Monthly Archives: February 2016

Office 2016 Deferred Channel Released for Business

Today Microsoft announced the deferred channel for Office 2016.  This helps Office 365 customers better manage the pace of change with Office 365 ProPlus updates.  

It helps by making Office 365 ProPlus updates more predictable.  You can plan ahead and test updates in advance.  Read on to learn how this works.

Office 365 ProPlus Change Management

The chart below shows what Office 365 ProPlus change management looked like originally with update branches.  The idea being you could decouple new features from monthly security updates, giving you more choice in deployment. 

Office 365 Deferred Channel

New features are beneficial but they can sometimes be disruptive in the impact they have on staff.  Also new features may break compatibility with third party software that integrates with Microsoft Office.  Microsoft elaborates further on this type of situation:

​For the Office 2016 software, you must choose how often you want users to get feature updates. Which frequency you choose depends on several factors, including how many line-of-business applications, add-ins, or macros that you need to test any time that there are feature updates to Office, Project, or Visio. For example, if you use specialized Excel workbooks in your business, you may want to get feature updates only every four months. This gives you time to test that your Excel workbooks work with the new features that Microsoft releases.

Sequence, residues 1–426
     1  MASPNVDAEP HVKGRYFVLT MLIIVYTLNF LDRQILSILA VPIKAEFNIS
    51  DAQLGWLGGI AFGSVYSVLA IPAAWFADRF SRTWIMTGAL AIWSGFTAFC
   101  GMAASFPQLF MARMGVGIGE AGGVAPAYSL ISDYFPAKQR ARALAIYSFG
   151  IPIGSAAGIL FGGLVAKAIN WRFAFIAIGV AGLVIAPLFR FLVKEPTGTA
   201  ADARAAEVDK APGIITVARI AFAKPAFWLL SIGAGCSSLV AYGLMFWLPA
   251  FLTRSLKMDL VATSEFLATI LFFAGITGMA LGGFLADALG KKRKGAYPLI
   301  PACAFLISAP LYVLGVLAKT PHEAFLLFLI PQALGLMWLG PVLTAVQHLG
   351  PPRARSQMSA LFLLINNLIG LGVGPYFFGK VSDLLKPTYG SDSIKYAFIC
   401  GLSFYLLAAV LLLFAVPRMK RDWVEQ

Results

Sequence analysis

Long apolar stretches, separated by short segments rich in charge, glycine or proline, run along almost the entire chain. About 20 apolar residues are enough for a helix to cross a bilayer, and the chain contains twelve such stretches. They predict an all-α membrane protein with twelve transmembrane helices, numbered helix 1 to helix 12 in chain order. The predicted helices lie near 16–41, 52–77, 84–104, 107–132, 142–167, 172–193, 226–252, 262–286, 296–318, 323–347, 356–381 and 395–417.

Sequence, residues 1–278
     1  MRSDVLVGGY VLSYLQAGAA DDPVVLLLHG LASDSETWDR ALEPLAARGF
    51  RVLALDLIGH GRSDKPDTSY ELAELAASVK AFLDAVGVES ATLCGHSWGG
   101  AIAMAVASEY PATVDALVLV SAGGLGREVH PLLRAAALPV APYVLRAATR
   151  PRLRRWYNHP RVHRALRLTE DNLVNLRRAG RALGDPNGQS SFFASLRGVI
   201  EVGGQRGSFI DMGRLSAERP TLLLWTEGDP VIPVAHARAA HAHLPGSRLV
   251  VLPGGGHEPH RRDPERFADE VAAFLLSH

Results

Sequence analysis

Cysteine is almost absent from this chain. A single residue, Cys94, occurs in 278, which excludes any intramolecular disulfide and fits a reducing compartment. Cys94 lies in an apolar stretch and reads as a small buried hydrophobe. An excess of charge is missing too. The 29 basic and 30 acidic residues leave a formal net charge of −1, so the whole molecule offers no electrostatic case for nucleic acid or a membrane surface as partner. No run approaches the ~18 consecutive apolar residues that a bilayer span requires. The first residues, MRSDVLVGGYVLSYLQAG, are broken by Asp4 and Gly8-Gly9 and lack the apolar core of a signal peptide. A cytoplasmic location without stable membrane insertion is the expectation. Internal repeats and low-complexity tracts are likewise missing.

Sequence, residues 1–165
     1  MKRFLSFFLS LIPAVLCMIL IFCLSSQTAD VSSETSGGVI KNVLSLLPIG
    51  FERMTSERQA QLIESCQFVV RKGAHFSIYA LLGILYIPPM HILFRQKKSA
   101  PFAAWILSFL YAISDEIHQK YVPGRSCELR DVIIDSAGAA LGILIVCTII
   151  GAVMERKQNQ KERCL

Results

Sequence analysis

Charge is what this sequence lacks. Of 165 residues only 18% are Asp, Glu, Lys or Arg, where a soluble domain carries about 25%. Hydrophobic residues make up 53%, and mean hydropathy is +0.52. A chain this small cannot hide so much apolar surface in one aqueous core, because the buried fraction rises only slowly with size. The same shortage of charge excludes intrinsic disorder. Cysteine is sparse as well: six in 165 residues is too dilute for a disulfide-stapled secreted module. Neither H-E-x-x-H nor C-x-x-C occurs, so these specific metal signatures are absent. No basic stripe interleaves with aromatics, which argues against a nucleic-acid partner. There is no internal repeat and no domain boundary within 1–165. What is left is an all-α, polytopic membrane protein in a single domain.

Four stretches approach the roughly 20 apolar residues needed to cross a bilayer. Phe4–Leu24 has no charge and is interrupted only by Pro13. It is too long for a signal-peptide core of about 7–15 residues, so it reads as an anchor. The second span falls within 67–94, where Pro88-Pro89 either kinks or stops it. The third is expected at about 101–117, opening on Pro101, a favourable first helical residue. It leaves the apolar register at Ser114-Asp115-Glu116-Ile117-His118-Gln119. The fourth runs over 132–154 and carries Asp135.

You want a way of deploying regular security updates, without changing anything else that could impair support.

Channels replace Branches in Office 365 ProPlus

The first point to note is no more branches.  Branches were used to describe the frequency new features would be pushed out. Here are what it looks like now:

  • Current Branch is now called Current Channel.
  • Current Branch for Business is now called Deferred Channel.
  • First Release for Current Branch is now called First Release for Current Channel.
  • First Release for Current Branch for Business is now called First Release for Deferred Channel.

Microsoft announced this change as a refinement on what had been announced last year:

​Since then, customers have expressed appreciation for the ability to have greater control over the frequency of feature changes and have more time for validation. Today, we are further refining that update model and—based on feedback—are renaming service “Branches” to “Channels.”

Here are the details with update branches being renamed to channels:



Current Channel

Monthly feature and security updates

Deferred Channel

Monthly security updates with feature changes every four months

First Release for Deferred Channel

​Early access to the next Deferred Channel

First Release for Current Channel

Office Insider program

Microsoft hopes this change makes things clearer and I think it does to some extent: